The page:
The low percentage of A* grades awarded at A level in a subject area which clearly has a more able cohort.

I am very disappointed that the exam boards did not allow for differentiation in the support given for speaking and writing tests and a more flexible approach to assessing speaking. The current format encourages ‘rote learning’ so that students can show what they know understand and can do in the limited ‘test window’ available (one hour for each of two writing tasks, approx 10 minutes for each of two speaking tasks, both with very limited support during the test. This can lead to very dull preparation, and a very negative test experience for the least able.
The subject specific criteria do not preclude a more helpful format. This is something that could be changed.
The qualification should be a ‘General Certificate of Secondary Education’ which should be accessible to all, and NOT a qualification only for the ‘high fliers’ and the specialists. In its current format it is not, and this has led to people quite understandably opting for other qualifications whose format is more suited to the less able (e,g, NVQ). This should not be necessary. The GCSE should be appropriate for the vast majority.

There are differences in opinions from within the subject community
Very often, mixed messages can be sent out by well-meaning people.
It would be helpful to articulate the separate issues objectively, without emotion (e.g. to avoid the criticism of ‘well they would say that, wouldn’t they?)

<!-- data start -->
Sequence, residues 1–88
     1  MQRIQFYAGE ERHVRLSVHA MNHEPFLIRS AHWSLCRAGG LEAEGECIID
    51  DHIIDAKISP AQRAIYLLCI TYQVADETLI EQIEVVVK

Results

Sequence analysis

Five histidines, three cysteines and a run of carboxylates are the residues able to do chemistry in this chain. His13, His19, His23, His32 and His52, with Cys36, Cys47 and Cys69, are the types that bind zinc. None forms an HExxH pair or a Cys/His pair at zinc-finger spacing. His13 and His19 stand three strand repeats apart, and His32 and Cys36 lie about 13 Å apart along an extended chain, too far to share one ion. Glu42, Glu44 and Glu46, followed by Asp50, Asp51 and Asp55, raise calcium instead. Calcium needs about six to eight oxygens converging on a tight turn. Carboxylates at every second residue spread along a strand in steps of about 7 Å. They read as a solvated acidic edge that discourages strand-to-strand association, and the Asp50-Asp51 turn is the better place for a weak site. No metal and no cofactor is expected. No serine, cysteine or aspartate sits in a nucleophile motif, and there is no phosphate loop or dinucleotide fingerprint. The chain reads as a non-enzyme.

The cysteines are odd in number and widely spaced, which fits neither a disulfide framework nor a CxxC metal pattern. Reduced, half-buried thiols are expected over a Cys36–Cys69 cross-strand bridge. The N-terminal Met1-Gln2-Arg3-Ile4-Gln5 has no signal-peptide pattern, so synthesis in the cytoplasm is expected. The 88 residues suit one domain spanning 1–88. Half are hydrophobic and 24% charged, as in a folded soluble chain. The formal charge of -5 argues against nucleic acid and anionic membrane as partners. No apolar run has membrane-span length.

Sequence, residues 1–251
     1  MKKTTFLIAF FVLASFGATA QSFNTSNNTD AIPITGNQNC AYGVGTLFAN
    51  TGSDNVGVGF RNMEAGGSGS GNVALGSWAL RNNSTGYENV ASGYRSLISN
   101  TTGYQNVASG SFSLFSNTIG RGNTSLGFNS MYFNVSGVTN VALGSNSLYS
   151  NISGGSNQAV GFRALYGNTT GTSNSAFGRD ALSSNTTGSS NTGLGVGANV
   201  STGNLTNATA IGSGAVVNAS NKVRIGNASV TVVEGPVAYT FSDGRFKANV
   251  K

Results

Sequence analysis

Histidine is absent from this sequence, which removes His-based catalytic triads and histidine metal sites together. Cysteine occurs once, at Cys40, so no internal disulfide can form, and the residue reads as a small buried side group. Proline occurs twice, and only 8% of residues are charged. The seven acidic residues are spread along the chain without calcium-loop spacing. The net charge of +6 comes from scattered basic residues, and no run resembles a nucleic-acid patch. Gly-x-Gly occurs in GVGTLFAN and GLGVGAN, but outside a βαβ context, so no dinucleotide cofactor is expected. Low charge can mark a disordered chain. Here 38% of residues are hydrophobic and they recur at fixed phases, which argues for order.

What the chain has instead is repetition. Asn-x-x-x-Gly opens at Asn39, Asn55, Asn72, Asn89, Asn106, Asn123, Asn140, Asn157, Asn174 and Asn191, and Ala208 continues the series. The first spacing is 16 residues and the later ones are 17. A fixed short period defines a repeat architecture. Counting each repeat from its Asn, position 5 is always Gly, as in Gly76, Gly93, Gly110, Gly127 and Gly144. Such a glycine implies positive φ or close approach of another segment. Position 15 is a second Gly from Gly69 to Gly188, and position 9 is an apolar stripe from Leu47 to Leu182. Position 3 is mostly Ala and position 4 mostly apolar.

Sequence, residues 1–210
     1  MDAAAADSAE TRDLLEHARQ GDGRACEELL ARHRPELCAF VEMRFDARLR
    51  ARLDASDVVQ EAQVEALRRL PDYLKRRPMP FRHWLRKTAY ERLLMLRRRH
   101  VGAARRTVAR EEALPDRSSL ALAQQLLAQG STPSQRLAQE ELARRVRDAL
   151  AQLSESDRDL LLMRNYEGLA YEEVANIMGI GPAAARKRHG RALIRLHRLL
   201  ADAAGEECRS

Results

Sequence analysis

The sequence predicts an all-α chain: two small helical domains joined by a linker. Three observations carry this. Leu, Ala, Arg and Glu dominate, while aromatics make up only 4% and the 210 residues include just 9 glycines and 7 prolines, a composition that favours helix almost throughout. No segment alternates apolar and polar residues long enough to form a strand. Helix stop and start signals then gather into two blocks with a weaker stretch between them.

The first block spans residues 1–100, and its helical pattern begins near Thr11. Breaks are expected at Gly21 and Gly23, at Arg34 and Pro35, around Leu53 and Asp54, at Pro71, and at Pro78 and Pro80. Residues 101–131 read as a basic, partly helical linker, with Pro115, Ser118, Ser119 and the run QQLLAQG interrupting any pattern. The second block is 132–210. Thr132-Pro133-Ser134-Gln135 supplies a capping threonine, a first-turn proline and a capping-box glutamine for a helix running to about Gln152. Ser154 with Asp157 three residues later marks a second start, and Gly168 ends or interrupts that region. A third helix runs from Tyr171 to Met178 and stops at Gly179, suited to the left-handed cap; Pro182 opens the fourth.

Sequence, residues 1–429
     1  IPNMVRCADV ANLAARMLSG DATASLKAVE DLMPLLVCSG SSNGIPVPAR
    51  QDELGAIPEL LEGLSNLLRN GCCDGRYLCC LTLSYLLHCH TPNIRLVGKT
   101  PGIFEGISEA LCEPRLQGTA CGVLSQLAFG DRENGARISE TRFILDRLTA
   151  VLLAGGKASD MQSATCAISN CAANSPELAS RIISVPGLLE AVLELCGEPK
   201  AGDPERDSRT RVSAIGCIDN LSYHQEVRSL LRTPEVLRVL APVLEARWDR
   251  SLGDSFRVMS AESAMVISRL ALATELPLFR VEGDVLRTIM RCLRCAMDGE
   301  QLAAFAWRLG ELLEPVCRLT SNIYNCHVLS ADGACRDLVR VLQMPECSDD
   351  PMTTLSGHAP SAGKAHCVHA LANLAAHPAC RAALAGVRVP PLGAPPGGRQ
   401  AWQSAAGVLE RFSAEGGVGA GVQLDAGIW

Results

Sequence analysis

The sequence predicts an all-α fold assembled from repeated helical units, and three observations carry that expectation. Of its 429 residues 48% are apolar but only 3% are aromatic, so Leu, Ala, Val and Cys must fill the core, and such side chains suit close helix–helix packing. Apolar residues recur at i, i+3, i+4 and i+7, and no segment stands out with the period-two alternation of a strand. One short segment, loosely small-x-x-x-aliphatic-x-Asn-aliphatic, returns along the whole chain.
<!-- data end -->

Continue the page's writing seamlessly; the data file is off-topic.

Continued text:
It is very difficult to influence decision makers when they can easily find contrary views and information from other language professionals.
An example: Primary languages. The success of primary languages will depend on the opportunities and constraints of the local context. Dearing and King accepted that ‘the devil is in the detail’ … it is vital to acknowledge this and avoid sweeping generalisations about what ‘should’ be happening.

While this strategy will probably increase numbers of able (i.e. those likely to achieve A-C) students (and there has been a great need for this strategy .. it has been especially worrying to see the drop in absolute numbers attaining A*-C .. evidence that able students are dropping languages) .. it will not make any difference to encouraging less able up-take. This is why it is not enough.

4. How can we ensure that decision makers in education value language learning?

I believe that decision makers in secondary education do value language learning and that it is unhelpful to ‘blame’ them for not promoting languages. However, decision makers at school level (curriculum managers) will not decide to promote languages if this leads to a poorer judgment of their overall performance as published in league tables and this is totally understandable.
A significant ‘negative’ will be removed by ensuring that the award system fairly rewards language learning with comparable grades e.g. at GCSE and AS/A2.
It would be helpful for the subject community to understand their predicament (and certainly not to ‘blame’ them for the problem) and to provide managers with the information needed to ‘make the case’ for change. The Headteacher union ASCL is behind the proposal for change. (2 key members of the ASCL management team are linguists .. )
It would also be helpful to challenge those who extrapolate generalisations from their own personal experience.